Cyberattackers are becoming more aggressive and powerful, often because they either are collaborating to cause the most damage or running indiscriminately over companies in the direct path of their intended target.
That’s why government agencies need to take a collaborative approach to their cyber defenses. It’s no longer good enough to rely on traditional cybersecurity approaches or try to defend agencies alone. By sharing anonymized threat information in real time, government and private sector organizations can work together to triage and take action against active threat campaigns early in the intrusion cycle.
A collective defense approach is the most effective way to stop aggressive hackers in their tracks, read on for best practices on how public sector agencies can move toward true collective defense.
Realign your strategy to meet today’s realities.
While there is no doubt that every agency needs effective cybersecurity tools, those tools aren’t as effective without the right strategy surrounding them. In fact, cybersecurity should be regarded as inherent to the agency’s strategy instead of just a technology tool or compliance requirement.
One resource that might help is the U.S. Cyberspace Solarium Commission, a federal organization that published a report last year to improve cybersecurity. The report consists of more than 80 recommendations to improve cybersecurity collaboration with the private sector, reform the government’s structure and organization for cyberspace and reshape the cyber ecosystem.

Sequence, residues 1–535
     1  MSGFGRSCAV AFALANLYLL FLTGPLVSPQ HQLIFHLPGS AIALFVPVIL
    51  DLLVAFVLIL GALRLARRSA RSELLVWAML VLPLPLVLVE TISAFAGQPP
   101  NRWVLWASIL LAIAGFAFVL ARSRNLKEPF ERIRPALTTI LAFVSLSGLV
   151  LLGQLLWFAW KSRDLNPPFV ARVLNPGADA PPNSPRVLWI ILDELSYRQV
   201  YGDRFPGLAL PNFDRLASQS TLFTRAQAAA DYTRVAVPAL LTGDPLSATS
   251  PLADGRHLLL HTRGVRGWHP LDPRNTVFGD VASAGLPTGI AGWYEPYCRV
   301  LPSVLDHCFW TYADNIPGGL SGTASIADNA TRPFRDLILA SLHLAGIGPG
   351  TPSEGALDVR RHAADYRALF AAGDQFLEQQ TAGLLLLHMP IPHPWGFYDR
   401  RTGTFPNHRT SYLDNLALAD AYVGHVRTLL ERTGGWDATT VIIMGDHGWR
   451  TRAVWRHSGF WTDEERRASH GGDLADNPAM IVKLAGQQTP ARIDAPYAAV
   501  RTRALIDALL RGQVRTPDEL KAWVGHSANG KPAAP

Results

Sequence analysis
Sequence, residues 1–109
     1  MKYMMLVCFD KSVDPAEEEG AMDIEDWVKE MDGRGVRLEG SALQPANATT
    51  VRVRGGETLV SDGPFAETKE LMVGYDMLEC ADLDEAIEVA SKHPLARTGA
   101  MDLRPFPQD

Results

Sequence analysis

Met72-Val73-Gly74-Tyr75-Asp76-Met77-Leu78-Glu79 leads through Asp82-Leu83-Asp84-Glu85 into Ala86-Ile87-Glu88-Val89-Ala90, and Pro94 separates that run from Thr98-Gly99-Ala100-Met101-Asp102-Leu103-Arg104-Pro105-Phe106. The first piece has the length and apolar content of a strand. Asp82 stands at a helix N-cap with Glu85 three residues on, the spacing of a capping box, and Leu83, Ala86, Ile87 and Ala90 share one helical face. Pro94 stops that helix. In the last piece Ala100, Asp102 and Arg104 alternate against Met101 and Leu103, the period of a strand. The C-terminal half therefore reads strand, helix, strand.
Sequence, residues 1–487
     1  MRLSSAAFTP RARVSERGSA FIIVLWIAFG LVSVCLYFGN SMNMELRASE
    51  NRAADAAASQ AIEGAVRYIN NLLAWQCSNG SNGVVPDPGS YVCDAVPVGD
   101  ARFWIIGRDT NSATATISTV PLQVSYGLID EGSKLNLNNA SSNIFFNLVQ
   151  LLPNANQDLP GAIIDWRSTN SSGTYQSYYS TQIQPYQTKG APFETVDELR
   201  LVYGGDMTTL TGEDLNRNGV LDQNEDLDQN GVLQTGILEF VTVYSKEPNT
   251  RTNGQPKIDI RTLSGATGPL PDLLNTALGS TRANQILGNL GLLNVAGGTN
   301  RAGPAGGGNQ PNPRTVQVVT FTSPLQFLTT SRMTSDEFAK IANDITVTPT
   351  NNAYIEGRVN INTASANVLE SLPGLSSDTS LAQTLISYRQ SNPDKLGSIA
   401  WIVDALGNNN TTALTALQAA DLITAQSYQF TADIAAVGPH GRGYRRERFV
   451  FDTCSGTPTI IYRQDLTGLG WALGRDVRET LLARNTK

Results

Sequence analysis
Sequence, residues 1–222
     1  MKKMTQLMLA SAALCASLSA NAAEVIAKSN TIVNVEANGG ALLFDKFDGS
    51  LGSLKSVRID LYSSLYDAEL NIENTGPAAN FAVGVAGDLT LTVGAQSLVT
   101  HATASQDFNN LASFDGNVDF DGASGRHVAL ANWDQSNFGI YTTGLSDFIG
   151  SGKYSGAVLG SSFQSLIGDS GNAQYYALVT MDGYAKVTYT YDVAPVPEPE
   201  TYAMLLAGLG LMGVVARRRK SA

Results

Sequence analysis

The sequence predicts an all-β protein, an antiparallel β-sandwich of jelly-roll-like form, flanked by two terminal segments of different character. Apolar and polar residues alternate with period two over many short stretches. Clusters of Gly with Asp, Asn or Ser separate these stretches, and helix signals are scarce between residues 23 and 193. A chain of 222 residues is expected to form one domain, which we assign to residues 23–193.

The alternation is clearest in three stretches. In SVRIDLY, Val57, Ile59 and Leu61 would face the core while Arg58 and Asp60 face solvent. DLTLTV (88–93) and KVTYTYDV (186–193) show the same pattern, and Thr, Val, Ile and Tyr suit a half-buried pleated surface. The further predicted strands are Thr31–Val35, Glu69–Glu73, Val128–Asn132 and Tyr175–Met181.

It recommends a new strategic approach to cybersecurity called layered cyber deterrence that aims to reduce the probability and impact of cyberattacks of significant consequence.
Move beyond signature-based analytics to effectively detect and mitigate unknown threats.
Signature-based threat detection, which compares traffic with known threats, is a valuable way of identifying and analyzing malicious network attacks, but it’s no longer enough.
Agencies looking for ways to identify and analyze unknown threats in time to prevent them from doing damage are looking at behavior-based threat detection and analytics, which can spot abnormal patterns of data in a network, detecting the unidentified and more sophisticated attacks that evade traditional preventative techniques.
Unknown threats include modified or recompiled known malware with minor changes, the use of open communication protocols for malicious purposes, system access via stolen credentials and data or IP loss through legitimate cloud services.
Address risks in the remote work environment.
Many of the public sector employees who have been working remotely for the past year probably will continue to do so, at least part of the time. While this “new normal” offers many benefits in terms of employee satisfaction and productivity, it also challenges agencies to find ways to ensure full security in unprotected environments over time.
That means taking a fresh look at the unsecured technologies and network environment remote employees are using to connect with agency resources. One survey, for example, found that roughly 40% of public sector employees working remotely use personal laptops, tablets or smartphones to get their work done. And then there are the myriad other devices that could be connected to the home network: printers, hard drives, keyboards, mice, gaming devices and even a spouse’s work device.
To address these issues, treat home networks as hostile public networks and consider supplying users with agency-configured devices that enable them to more securely manage their networks. It’s also important to conduct cybersecurity training and simulations for all employees and engage in tabletop exercises involving compromised credentials, ransomware, insider threats and other types of data breaches.
With this approach, agencies can help ensure that all gaps are covered.
This article is an excerpt from GovLoop’s recent report, “Stop Hackers in Their Tracks Through a Collective Defense.” Download the full report here.